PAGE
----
The Legacy of Hugh Hefner

Oct 14th, 2017 | By | Category: Culture & Wordview, Featured Issues


Over 3,000 years ago, King Solomon wrote poignantly about his life and about the purpose and meaning of life in general ?under the sun.?  His observations could be an appropriate epitaph for Hugh Hefner, the founder of the Playboy empire:

 1 I said in my heart, ?Come now, I will test you with pleasure; enjoy yourself.? But behold, this also was vanity. I said of laughter, ?It is mad,? and of pleasure, ?What use is it?? I searched with my heart how to cheer my body with wine?my heart still guiding me with wisdom?and how to lay hold on folly, till I might see what was good for the children of man to do under heaven during the few days of their life.

. . . 10 And whatever my eyes desired I did not keep from them. I kept my heart from no pleasure, for my heart found pleasure in all my toil, and this was my reward for all my toil. 11 Then I considered all that my hands had done and the toil I had expended in doing it, and behold, all was vanity and a striving after wind, and there was nothing to be gained under the sun. [Ecclesiastes 2:1-3, 10-11 (ESV)]

Perhaps as a metaphor for his pleasure-filled life, Hefner paid $75,000 for a crypt next to Marilyn Monroe, where presumably he will be buried.

As one evaluates the legacy of Hugh Hefner, it is difficult to say anything positive about that legacy.  Columnist Tim Morris observes that ?Hefner didn?t love women [which he claimed].  He lusted for them.  He loved only himself and a hedonistic life that was mostly an adolescent fantasy.?  Jill Filipovic of Time argues, ?What Hefner and Playboy never did was present women as human, or consider us anything like men.  Hefner made female sex objects more relatable and accessible . . . . Brilliantly, Hefner attached himself to the sexual revolution and the feminist gains that precipitated it.  From his vantage point, publishing a magazine full of naked women was just one part of the new culture of ?free love.??  In short, he built an empire on male desire!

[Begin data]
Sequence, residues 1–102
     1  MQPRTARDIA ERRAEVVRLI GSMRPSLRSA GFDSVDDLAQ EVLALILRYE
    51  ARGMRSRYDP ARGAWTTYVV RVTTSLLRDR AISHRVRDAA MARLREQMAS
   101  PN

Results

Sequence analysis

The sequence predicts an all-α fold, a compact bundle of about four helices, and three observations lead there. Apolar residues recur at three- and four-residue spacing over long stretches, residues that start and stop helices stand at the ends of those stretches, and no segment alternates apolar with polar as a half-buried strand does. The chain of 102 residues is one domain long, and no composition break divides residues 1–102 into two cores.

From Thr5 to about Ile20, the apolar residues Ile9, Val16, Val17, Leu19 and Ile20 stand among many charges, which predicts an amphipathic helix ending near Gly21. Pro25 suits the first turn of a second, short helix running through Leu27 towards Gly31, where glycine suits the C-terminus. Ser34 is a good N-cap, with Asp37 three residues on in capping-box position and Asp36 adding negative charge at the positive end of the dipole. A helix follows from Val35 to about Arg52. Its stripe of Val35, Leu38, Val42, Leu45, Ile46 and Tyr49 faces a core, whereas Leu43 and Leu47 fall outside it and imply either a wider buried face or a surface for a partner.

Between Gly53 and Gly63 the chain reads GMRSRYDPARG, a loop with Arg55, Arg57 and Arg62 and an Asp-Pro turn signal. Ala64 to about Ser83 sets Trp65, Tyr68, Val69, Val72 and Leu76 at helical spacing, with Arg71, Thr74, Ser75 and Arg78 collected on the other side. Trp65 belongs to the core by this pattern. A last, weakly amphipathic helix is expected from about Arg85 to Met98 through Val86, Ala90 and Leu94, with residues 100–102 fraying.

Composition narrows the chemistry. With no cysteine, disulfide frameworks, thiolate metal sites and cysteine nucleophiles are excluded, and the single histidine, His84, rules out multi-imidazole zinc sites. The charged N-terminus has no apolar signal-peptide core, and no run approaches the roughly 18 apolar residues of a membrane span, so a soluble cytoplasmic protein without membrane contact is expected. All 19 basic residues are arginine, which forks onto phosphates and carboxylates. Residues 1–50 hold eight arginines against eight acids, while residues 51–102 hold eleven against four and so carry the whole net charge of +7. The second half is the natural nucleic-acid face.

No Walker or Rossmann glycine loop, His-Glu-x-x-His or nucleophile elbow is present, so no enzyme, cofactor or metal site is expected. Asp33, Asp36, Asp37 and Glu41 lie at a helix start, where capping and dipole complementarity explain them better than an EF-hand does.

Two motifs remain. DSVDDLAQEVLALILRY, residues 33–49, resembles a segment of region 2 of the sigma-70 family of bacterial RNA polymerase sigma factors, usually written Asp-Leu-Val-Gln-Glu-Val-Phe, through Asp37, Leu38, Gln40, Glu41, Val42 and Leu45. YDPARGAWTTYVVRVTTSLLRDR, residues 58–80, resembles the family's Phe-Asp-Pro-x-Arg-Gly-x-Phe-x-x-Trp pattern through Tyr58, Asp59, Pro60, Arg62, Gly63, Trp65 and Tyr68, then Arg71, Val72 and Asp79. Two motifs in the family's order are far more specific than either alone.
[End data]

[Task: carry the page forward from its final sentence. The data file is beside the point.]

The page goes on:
New York Times columnist Ross Douthat offers the most honest evaluation of Hugh Hefner?s legacy I have read.  Permit me extensive quotation from his essay:

  • ?Hef was the grinning pimp of the sexual revolution, with Quaaludes for the ladies and Viagra for himself?a father of smut addictions and eating disorders, abortions and divorce and syphilis, a pretentious huckster who published Updike stories no one read while doing flesh procurement for celebrities, a revolutionary whose revolution chiefly benefitted men much like himself.?
  • ?Hef the vanquisher of puritanism, Hef the political progressive, Hef the great businessman and all the rest . . . What a lot of garbage . . . the things that were distinctly Hefnerian, that made him influential and important, were all rotten, and to the extent they were part of stories that people tend to celebrate, they showed the rot in larger things as well.?
  • ?The social liberalism he championed was the rotten and self-interested sort, a liberalism of male and upper-class privilege, in which the strong and beautiful and rich take their pleasure at the expense of the vulnerable and poor and not-yet-born.?
  • ?And his appreciation of male-female difference was rotten, too?the leering predatory sort of appreciation, the Cosby-Clinton-Trump sort, the sort that nicknames Quaaludes ?thigh openers? and expects the girls to laugh, the sort that prefers breast implants to female intellect and rents the charms of youth to escape the realities of age.?